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Re: How Did Hadrosaurs Defend Their Young?

> There are a few things in this scenario I heartily
> disagree with.
> First I'd think panicking into a stampede even if
> the nests were 7
> meters apart would result in a wake of destruction
> being wrought upon,
> at least, one side of the nesting colony. 

I would think they might just have to leave as opposed
to terrified stampede. I still think they might carry
off one egg or young in emergencies. 

So I'd
> think Maiasaura would
> stand their ground as after all an albertosaur pack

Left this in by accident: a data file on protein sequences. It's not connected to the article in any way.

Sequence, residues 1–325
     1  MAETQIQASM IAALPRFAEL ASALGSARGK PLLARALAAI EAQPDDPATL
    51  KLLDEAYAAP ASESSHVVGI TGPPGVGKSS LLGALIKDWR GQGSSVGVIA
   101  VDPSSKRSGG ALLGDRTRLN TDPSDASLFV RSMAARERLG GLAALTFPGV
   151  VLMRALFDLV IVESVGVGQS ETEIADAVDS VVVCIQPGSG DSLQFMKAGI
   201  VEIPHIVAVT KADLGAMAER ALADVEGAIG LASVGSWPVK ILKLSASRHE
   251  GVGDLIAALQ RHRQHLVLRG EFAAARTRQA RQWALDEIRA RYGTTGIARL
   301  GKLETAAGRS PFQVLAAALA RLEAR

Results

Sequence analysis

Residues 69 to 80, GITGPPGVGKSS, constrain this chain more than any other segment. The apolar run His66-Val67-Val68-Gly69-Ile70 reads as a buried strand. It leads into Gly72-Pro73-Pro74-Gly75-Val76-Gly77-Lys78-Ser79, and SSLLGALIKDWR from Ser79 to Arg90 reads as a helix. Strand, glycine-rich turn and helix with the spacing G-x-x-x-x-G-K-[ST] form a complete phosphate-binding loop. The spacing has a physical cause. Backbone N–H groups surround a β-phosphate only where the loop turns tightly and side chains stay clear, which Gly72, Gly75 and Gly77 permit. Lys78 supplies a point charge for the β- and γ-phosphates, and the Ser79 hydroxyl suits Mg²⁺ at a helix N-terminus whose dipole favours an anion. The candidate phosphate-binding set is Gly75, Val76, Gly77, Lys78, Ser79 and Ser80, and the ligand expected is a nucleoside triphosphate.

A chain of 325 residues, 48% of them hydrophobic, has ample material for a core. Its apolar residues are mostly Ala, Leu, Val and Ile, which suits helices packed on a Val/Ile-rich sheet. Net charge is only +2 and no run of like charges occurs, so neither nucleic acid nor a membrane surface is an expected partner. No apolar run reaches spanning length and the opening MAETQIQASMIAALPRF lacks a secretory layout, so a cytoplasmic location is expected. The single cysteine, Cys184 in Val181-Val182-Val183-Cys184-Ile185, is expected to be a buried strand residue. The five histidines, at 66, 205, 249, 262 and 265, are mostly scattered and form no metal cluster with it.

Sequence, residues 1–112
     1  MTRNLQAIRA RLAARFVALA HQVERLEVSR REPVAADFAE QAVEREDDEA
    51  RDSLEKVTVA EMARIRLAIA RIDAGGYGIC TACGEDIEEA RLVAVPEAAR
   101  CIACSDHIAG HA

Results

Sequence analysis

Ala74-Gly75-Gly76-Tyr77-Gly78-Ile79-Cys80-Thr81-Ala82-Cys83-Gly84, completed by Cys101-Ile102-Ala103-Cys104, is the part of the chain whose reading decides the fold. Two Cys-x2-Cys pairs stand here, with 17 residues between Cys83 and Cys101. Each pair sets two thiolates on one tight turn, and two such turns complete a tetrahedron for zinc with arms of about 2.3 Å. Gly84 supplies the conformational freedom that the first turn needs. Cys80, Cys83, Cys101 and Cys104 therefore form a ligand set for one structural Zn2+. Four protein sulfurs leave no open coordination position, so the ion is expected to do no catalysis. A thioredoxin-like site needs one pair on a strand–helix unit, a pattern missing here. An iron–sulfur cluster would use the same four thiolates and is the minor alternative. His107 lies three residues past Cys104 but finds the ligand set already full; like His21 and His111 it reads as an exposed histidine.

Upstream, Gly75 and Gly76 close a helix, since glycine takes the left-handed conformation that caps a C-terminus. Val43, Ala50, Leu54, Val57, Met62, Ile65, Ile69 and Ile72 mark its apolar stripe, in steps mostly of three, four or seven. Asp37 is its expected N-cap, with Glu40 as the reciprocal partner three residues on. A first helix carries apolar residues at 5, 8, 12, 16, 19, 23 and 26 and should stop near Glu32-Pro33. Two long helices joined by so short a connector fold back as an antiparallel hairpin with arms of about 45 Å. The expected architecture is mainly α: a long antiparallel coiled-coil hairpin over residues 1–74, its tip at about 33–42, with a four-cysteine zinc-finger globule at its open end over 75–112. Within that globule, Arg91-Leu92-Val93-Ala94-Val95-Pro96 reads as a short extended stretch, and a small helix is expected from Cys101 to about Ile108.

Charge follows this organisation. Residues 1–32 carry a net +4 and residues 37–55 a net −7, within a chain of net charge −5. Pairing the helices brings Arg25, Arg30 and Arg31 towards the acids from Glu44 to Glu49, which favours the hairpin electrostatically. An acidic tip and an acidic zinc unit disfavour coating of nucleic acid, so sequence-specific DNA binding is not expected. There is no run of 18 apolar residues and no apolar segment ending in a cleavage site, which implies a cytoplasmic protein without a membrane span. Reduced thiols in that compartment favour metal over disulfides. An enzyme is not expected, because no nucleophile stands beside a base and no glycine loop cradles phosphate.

> would contain much
> less individuals than a nesting colony. If male
> Maiasaura were
> available, the ones closest could face off the
> predators.
> Don't be biased by those wildlife shows that only
> depict herbivores
> running from carnivores: herbivores can and do fight
> back.

I agree that many a herbivore will fight back or not
run when they know they hold the upper hand. I would
think they might stand their ground but what I can't
figure out is how they would defend themselves. They
have no weopons or armor and seemingly are not fast.
Anybody have any thoughts on the subject of hadrosaur

Andrew Simpson
> --
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> If you didn't get it by now, the subliminal order is
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